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How do I Perform a Memory Test on my Computer?

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  • Written By: Harry Husted
  • Edited By: C. Wilborn
  • Last Modified Date: 04 December 2016
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Every computer has a place that stores programs to be used at a later time, known as random access memory (RAM). RAM can be found on small rectangle chips that slide into slots on the motherboard. Just like any other piece of equipment, memory can fail. A memtest procedure is the first step toward performing a memory test on your computer.

Computer technicians replace memory chips all the time when working on computers. This is why a memory test needs to be done on a regular basis, to make sure memory is good. If a memory chip should fail, it may prevent your system from booting or running.

When performing a memory test, you will find that most computers have a memory tester built into the PC's basic input-output system (BIOS). The BIOS is also on a chip, known as read-only memory (ROM). You can access the BIOS by means of a set up program. This program is usually accessed by hitting the F1, F2, Delete, or CTRL, ALT, ENTER keys, depending on the type of system you have.

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When you turn on your PC, the BIOS will run the tester program automatically and scan the RAM. This is also referred to as a memtest procedure. After the memtest is completed, the computer may beep once or twice to warn of any problems, with an error code popping up on the screen. If there are no problems, the boot up process continues until the operating system loads and the desktop is reached.

Memory is always tested this way, but there are diagnostic utility programs available that can be more aggressive in performing a memory test. You can find many PC memory testing and diagnostic utility programs on the Internet. Some of them are free while others cost money.

If you do download one of these programs, it is best to burn the program on a bootable CD or DVD, and restart your PC, keeping the CD or DVD in the player. When your PC reboots, the CD or DVD will run and boot the testing program. Most programs will run diagnostic procedures that will aggressively test the computer's memory. The program will read and write the RAM several times to make sure that the RAM can hold the data. If there are no problems, the program reports no errors, and either returns control back to you so you can remove the disk and reboot the PC,or the PC continues in its boot process.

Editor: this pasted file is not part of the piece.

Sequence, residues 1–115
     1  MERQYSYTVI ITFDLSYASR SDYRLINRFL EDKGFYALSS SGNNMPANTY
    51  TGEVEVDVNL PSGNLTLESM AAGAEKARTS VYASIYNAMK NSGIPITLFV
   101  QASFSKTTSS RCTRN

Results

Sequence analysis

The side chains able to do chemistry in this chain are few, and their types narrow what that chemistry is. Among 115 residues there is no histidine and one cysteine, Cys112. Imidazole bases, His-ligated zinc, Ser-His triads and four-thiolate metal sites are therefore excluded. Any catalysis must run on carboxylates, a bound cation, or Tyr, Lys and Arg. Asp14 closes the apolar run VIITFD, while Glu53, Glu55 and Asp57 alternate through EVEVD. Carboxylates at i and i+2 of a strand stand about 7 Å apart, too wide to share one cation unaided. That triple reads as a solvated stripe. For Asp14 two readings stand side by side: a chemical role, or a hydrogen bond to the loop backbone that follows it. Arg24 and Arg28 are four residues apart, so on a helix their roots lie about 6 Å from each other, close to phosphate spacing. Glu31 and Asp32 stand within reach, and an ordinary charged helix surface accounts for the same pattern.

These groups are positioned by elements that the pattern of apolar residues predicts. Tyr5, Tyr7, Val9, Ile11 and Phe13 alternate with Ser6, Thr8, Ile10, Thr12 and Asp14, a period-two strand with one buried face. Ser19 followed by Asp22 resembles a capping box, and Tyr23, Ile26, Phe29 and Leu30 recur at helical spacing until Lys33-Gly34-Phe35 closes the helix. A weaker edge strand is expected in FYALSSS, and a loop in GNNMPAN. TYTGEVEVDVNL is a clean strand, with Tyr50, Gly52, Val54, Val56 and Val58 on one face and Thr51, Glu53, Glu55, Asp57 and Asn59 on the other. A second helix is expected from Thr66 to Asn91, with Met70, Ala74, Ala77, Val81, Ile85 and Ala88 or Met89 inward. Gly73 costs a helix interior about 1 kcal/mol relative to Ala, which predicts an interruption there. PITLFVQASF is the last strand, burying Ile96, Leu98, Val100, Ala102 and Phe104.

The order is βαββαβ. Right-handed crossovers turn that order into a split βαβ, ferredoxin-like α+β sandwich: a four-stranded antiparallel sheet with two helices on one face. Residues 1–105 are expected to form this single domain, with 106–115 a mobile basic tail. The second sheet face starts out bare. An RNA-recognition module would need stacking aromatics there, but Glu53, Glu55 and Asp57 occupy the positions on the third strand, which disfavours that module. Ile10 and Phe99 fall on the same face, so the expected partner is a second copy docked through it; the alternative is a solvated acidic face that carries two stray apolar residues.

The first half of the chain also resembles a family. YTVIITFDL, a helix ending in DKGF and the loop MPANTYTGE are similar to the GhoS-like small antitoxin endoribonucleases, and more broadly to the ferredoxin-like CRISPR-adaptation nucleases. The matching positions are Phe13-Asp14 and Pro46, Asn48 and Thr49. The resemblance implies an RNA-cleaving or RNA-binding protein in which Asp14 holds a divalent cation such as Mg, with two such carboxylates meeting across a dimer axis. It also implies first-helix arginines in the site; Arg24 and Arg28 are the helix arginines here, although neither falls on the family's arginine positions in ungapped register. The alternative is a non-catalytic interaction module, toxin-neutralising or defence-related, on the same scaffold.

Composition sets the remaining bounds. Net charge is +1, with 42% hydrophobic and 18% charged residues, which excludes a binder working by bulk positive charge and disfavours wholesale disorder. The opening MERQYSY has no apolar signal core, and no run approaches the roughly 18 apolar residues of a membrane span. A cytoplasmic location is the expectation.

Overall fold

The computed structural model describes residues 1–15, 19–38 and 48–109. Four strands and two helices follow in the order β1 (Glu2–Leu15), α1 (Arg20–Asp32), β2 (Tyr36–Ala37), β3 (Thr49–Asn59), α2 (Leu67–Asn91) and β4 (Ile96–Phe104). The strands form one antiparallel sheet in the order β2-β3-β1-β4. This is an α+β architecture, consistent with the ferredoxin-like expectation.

During the memory test, if a chip is found faulty, the program will stop and report its findings. At that time you will have to replace the defective chip. If the defective chip is not known, you may need to swap out one chip at a time, until you find the faulty one.

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everetra
Post 4

@Mammmood - You can download computer memory test software for your video memory as well. There are a number of good freeware programs that you can find. These programs will run complete diagnostics and show you benchmarks for your graphics card.

Mammmood
Post 3

@Charred - I’m getting vertical lines on my monitor and am wondering if I have problems with my graphics card. It’s not a RAM issue—I’ve already tested that, with good results. How do I run a video memory test?

allenJo
Post 2

@Charred - Yes, even new memory can be bad. This is one of the first things I do when I buy new memory. The memory test freeware programs are as good as some of the stuff you have to pay for. These are the same kinds of tests that technicians will run when you take the computer to the shop for repair.

Charred
Post 1

A couple of years ago I bought some new memory for my computer. I believe they were 2G RAM sticks at the time. I noticed that after I installed them I was having some problems with the computer—the picture would freeze, the mouse would jump, etc. At first I didn’t make the connection to the memory sticks because they were new. I thought I had a virus and ran every virus-scanner under the sun, with no results.

Finally I wondered if it was the memory. I downloaded one of those free memory test programs. I ran it off a floppy disk (it was that small) and did a “burn in” of my RAM. Sure enough, those two memory sticks were bad. I didn’t think new memory could be bad but it was. I returned it, got some good memory, and lived happily ever after.

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